The growth of the Asian cosmetics market slowed in 2009, yet the year still tells a story of expansion. Markets grew in the big two - China and India - as well as Indonesia, Thailand and Vietnam. While Japan's growth is flattening, due in part to the country's aging population, it is still the world's second-largest market and the sector took more than US$20 billion last year.
Dave McCaughan, regional strategic planning director for McCann Worldgroup, points to the rapid growth of luxury retail formats over the past year, with new malls opening in Singapore, Jakarta, Bangkok and China. There was also a boom in outlet malls, especially in Japan, but also in China and Singapore. Add to this the growing trend for online and direct sales of premium products and advertisers were presented with a market in which they had to work harder than usual to compete.
"Asian women are now able to access more, better quality, products," McCaughan says. "This in turn is forcing innovation at a lower price in order to compete."
According to Simone Zhang, strategic planning director for Euro RSCG in Shanghai, to ensure effective targeting, marketers should divide the sector into three categories: prestige, products used by make up professionals, and products with mass appeal. Even then, such definitions are further nuanced because prestige brands are developing sub-brands to attract younger consumers, and new brands are targeting low-income groups in the hope of lowering the entry-level.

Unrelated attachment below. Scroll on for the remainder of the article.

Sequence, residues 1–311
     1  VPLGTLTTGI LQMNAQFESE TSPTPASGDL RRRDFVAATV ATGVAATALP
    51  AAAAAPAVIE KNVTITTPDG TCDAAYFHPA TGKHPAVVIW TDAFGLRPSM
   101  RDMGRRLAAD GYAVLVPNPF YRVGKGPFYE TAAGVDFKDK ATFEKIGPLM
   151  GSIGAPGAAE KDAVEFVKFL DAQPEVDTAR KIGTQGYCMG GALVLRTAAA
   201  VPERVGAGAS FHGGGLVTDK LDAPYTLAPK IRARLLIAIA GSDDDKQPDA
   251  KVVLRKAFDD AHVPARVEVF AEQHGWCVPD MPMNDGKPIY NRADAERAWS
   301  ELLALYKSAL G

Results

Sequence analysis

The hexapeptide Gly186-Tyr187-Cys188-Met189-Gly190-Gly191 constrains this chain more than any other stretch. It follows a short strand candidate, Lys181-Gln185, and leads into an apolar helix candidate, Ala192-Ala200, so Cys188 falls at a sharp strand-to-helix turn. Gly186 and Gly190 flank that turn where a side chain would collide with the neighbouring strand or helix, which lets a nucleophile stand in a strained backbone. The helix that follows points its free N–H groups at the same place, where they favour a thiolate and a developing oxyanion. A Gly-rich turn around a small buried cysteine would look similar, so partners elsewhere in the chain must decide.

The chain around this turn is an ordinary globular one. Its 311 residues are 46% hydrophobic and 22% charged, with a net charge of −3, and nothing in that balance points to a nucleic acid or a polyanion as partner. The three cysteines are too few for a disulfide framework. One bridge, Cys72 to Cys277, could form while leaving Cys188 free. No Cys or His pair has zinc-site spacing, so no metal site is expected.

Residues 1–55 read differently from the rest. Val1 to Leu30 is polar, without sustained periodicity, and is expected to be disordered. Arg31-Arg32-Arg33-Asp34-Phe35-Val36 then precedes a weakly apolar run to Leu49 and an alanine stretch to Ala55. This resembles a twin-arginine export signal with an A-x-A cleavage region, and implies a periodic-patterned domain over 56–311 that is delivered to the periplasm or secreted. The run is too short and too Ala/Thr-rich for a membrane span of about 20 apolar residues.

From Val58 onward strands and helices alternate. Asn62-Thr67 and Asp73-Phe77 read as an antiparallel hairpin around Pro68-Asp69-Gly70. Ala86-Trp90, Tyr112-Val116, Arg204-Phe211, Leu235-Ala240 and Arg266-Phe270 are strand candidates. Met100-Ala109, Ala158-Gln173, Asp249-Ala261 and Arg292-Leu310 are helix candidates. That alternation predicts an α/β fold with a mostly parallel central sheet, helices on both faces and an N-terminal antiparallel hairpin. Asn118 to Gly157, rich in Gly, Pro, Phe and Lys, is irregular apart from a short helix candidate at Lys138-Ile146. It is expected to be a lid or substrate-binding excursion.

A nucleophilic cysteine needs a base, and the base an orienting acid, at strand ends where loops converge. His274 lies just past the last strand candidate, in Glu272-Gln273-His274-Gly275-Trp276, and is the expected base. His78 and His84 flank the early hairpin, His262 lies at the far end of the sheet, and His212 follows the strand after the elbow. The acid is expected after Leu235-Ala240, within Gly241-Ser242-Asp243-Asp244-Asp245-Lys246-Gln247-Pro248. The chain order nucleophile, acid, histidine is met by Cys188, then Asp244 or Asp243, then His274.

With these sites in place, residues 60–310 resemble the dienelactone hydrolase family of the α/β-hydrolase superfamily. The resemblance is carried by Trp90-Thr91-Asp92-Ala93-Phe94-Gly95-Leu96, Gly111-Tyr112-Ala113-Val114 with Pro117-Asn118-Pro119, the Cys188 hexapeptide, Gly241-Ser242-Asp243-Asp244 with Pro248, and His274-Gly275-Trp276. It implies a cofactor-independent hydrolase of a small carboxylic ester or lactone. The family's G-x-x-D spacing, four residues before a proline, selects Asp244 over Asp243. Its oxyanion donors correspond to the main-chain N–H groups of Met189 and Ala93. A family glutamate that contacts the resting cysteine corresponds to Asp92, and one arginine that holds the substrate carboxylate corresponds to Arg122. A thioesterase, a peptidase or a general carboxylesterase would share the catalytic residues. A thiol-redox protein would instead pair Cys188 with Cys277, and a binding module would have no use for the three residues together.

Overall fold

In addition, while skincare and cosmetics have always been closely linked, with the latter often taking cues from the former, cosmetics firms have recently gone a step further, with brands such as L'Oréal's Maybelline and shu uemura launching their own skincare ranges.
While TV remains critical to achieving nationwide awareness for mass-appeal brands such as Maybelline and Za, top names like Dior, Shiseido and Armani require something more intimate.
"Prestige brands need premium and aspirational support, not necessarily through the mass media, but through celebrity endorsements or PR buzz," Zhang says. "Targeted fashion magazines are a good way to build the brand's image and gain endorsement from celebrities or category experts."
Zhang says that the majority of Chinese consumers are heavily influenced by celebrities, whom they look to as style role models.
Looking to others for advice and a desire to share new looks has been a significant factor in the rise of digital, which is now also a vital part of the advertising mix.
"The internet has played a key role in unlocking variety of choice," Zhang says. "Even if a brand is not directly available in China, people are eager to know about it and try it."
The internet also supports those in developing markets who are getting to grips with make-up trends. Zhang says that online instruction videos that offer guidance on how to apply make-up are popular in China. The rise of fashion and beauty blogs is also offering increased opportunities for word-of-mouth-based initiatives.
Given the market clutter, McCaughan says brands have to constantly look for innovation to reach their target audiences. "L'Occitane has been a major change agent in Japan and other markets as it developed it's retail formats in a huge variety of locations," he says.
In addition, while customers may go to stores for information and demonstrations as they always did, in the actual purchases sometimes happen elsewhere. "This is most prevalent in developed markets," says McCaughan. "One big trend in Japan is for women to use department stores and websites to gather information, then fly to Korea to buy premium cosmetics at much cheaper prices."
Top 10 cosmetics
8 Esteé Lauder
This article was originally published as part of the 2010 Top 1000 Brands report.